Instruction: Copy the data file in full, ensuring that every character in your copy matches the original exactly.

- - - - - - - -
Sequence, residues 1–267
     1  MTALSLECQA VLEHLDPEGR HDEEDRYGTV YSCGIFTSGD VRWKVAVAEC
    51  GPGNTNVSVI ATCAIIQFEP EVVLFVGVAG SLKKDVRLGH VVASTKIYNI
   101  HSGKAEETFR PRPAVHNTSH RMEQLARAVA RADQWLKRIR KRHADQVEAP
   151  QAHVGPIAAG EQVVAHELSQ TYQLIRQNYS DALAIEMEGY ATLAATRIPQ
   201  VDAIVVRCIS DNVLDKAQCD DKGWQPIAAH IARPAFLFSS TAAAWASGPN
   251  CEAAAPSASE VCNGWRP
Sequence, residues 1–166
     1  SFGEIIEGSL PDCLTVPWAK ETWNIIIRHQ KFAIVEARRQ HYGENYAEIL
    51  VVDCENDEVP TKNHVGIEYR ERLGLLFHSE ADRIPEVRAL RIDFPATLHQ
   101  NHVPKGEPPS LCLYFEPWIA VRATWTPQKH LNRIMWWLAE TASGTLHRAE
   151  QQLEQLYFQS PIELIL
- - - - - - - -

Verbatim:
Sequence, residues 1–267
     1  MTALSLECQA VLEHLDPEGR HDEEDRYGTV YSCGIFTSGD VRWKVAVAEC
    51  GPGNTNVSVI ATCAIIQFEP EVVLFVGVAG SLKKDVRLGH VVASTKIYNI
   101  HSGKAEETFR PRPAVHNTSH RMEQLARAVA RADQWLKRIR KRHADQVEAP
   151  QAHVGPIAAG EQVVAHELSQ TYQLIRQNYS DALAIEMEGY ATLAATRIPQ
   201  VDAIVVRCIS DNVLDKAQCD DKGWQPIAAH IARPAFLFSS TAAAWASGPN
   251  CEAAAPSASE VCNGWRP
Sequence, residues 1–166
     1  SFGEIIEGSL PDCLTVPWAK ETWNIIIRHQ KFAIVEARRQ HYGENYAEIL
    51  VVDCENDEVP TKNHVGIEYR ERLGLLFHSE ADRIPEVRAL RIDFPATLHQ
   101  NHVPKGEPPS LCLYFEPWIA VRATWTPQKH LNRIMWWLAE TASGTLHRAE
   151  QQLEQLYFQS PIELIL